An advance team from the Southern Baptist Convention was in Salt Lake City Thursday and Friday planning for the arrival of 11,000 or more of their church colleagues in June for a convention and mass evangelizing effort.

Predictions are already being made about how the Baptists will present themselves - and how they will be received - in the heartland of The Church of Jesus Christ of Latter-day Saints.LDS Church members fervently teach the gospel of Jesus Christ was restored through a modern prophet and that revelation from God to prophets continues. Baptists say, with equal zeal, that such beliefs make LDS Church members non-Christian.

The result when the Latter-day Saints and Southern Baptists mix in June is something neither group can predict.

"We certainly avoid, to the extent that we can, unfriendly confrontation," said A. William Merrell, Southern Baptist Convention vice president for convention relations.

LDS Church President Gordon B. Hinckley told a group of religion newswriters in Albuquerque in September he hopes Latter-day Saints will welcome the Southern Baptists with open arms. "I hope that we will be gracious and respectful toward them."

Two LDS apostles, President Boyd K. Packer and Elder Russell M. Ballard, have spoken boldly in defense of the church's belief in Christ recently in juxtaposition to the Southern Baptists' labeling of the faith as non-Christian.

Bringing the convention to Salt Lake City has drawn criti-cism from former President Jimmy Carter, whose religious books and activism have made him one of the best-known Southern Baptists.

"I think that the worst thing that we can do, among the worst things we can do as believers in Christ, is to spend our time condemning others who profess faith in Christ and try to have a narrow definition of who is and who is not an acceptable believer and a child of God," he was quoted as saying in December. Phil Roberts, director of interfaith witness evangelism for the Southern Baptist Convention's North American Mission Board, said the convention's evangelism effort June 5 and 6 will be no different than at other annual conventions held in past years in and out of the Bible Belt.

Seminary workshops with an LDS focus are planned June 1-4, with convention sermons and meetings scheduled in the Salt Palace June 9-11.

A record number of journalists are registering with the convention and plan to come early to see the Southern Baptist missionary effort on the streets of Salt Lake City, said Herbert V. Hollinger, Southern Baptist Convention vice president for convention news.

"There's been an incredible amount of interest from the media," Hollinger told the Deseret News Thursday. "They probably think there's something going on here."

San Francisco Chronicle religion writer Don Lattin has written extensively about LDS Church members and has covered previous Southern Baptist conventions.

"I'm sure the story will be portrayed kind of as a battle of two great missionary machines going head-to-head," Lattin told the Deseret News. "People are so used to seeing the Latter-day Saint missionaries knocking on their doors and stopping them on the street in San Francisco and everywhere around the world. This is a turnaround kind of situation with Baptists knocking on Mormon doors."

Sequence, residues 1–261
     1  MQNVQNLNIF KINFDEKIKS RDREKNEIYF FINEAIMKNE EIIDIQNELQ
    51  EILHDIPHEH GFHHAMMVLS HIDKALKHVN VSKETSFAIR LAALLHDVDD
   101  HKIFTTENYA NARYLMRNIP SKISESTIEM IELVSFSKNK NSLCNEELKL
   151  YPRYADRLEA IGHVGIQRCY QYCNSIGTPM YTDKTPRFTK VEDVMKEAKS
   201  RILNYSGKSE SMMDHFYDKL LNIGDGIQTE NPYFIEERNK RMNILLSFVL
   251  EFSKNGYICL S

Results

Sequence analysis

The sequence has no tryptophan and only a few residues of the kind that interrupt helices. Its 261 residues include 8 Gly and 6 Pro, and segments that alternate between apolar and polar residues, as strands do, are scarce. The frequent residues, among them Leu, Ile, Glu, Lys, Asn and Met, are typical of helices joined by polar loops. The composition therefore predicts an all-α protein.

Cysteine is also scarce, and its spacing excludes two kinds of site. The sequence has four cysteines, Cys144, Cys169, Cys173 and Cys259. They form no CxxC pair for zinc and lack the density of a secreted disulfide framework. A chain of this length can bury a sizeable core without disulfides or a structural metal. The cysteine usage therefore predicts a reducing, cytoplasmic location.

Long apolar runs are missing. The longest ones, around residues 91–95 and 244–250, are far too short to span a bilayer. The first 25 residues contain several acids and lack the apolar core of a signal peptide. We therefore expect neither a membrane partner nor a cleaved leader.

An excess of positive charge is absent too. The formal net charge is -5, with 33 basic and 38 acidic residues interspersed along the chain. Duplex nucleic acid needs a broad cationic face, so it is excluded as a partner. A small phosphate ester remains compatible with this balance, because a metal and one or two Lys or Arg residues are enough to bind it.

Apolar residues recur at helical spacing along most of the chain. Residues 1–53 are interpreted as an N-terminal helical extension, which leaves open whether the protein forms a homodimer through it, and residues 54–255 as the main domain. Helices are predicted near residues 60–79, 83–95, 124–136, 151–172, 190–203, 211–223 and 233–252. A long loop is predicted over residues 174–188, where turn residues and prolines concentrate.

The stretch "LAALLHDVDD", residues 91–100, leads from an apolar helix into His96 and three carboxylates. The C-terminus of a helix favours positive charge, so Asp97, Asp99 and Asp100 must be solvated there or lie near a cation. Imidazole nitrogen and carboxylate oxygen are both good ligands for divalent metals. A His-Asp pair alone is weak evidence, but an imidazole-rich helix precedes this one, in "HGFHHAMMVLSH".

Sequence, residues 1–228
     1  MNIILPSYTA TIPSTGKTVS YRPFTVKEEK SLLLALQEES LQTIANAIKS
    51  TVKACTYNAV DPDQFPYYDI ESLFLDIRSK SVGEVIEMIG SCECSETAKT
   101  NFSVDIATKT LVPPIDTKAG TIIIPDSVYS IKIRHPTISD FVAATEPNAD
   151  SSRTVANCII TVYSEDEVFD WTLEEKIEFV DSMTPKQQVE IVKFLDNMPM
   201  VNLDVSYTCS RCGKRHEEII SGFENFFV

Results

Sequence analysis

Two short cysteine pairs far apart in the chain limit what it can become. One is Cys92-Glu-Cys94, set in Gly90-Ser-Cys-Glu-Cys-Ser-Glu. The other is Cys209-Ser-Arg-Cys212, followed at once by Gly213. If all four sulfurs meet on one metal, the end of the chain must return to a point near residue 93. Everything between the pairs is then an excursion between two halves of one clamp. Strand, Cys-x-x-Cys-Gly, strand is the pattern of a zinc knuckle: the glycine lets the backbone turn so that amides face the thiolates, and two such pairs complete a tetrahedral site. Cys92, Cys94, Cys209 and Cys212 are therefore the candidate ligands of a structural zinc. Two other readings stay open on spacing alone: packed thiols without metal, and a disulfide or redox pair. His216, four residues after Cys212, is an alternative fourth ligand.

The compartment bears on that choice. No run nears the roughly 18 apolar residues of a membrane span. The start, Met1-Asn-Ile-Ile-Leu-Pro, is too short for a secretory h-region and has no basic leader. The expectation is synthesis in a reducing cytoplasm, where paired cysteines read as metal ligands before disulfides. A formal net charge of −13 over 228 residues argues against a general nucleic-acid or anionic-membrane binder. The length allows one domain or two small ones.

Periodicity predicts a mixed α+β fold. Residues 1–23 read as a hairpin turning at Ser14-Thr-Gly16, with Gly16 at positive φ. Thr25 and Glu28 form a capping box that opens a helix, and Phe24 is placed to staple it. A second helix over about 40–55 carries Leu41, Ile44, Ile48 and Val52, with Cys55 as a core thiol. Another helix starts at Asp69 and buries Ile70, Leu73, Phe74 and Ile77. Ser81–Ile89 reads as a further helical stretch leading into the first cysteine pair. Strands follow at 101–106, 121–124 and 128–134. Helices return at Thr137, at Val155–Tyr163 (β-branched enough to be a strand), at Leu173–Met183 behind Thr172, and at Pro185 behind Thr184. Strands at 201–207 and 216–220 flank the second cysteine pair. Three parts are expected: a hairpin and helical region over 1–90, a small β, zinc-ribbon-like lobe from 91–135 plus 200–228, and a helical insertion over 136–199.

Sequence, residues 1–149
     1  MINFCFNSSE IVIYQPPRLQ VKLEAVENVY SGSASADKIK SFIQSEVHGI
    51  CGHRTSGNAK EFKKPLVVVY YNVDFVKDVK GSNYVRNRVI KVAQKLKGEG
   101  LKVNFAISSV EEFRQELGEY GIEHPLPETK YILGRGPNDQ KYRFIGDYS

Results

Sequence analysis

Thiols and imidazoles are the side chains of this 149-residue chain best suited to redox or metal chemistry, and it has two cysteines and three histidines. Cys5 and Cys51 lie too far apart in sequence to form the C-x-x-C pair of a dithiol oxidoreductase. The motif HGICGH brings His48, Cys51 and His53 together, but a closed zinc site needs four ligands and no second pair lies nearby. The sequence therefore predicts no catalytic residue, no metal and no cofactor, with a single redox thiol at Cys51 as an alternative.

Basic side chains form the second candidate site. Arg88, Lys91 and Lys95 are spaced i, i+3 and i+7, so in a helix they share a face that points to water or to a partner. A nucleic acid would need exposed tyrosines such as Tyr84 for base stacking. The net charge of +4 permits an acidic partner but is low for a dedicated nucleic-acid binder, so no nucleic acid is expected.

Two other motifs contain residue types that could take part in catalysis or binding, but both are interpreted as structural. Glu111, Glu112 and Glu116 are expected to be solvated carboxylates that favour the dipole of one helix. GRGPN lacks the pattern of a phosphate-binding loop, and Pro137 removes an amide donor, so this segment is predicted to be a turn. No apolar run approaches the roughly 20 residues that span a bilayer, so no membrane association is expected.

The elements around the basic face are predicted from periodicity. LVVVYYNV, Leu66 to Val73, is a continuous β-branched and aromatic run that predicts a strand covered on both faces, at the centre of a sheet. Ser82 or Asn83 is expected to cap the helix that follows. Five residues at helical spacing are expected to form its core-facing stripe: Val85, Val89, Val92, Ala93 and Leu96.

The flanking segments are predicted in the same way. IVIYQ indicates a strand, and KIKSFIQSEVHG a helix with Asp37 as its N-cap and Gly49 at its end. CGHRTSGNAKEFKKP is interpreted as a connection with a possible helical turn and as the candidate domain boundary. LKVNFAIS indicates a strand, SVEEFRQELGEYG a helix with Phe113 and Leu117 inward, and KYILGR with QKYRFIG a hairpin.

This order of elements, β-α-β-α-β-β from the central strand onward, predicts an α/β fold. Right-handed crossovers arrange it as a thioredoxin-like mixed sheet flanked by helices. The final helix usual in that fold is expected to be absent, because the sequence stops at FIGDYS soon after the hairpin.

Southern Baptist-sponsored newspaper ads, television spots and 180,000 pieces of mail to homes in the Salt Lake area will preface the convention and the county-wide "Crossover Salt Lake" evangelism drive, said Roberts. Convention proceedings will also be open to the public.

The Southern Baptists began circulating a video titled "The Mormon Puzzle" at their convention last June. The video is designed to teach Southern Baptists about LDS beliefs.

Robert L. Millet, dean of religious instruction at LDS Church-owned Brigham Young University, was interviewed for the video and talked extensively with Southern Baptist Convention leaders for the project and about the finished product.

He said he was very disappointed that the topic of one-third of his 90-minute interview - the LDS belief regarding grace and salvation - was edited completely from the video. But look past the video's incriminating name and the eerie music underscoring descriptions of LDS doctrine and "everything else in the video is, frankly, not bad," Millet said.

BYU's religion faculty saw the video about a month ago. "There comes a point when they're listing the major doctrines about God, man, Christ and salvation, and one of my faculty turned to me and said, `That's really well done,' and it was."

Still uncertain is whether there will be any official contact between the Southern Baptist Convention leadership and LDS Church officials in June. Merrell said he is unaware of any official invitation by LDS Church leaders for a courtesy visit. However, he said, Southern Baptist Convention leadership would accept such an invitation.

Members of other churches will also encounter the 1,000 to 3,000 Southern Baptists expected to participate in the Crossover blitz. Clergy from several other denominations, including Methodists, Lutherans, Episcopalians and Cath-olics, declined to comment specifically on the convention but told the Deseret News they will watch things unfold.

"So, what's going to happen when they come? I haven't the foggiest idea," Millet said. "I hope they find us good hosts. I'm excited to have someone come to my home."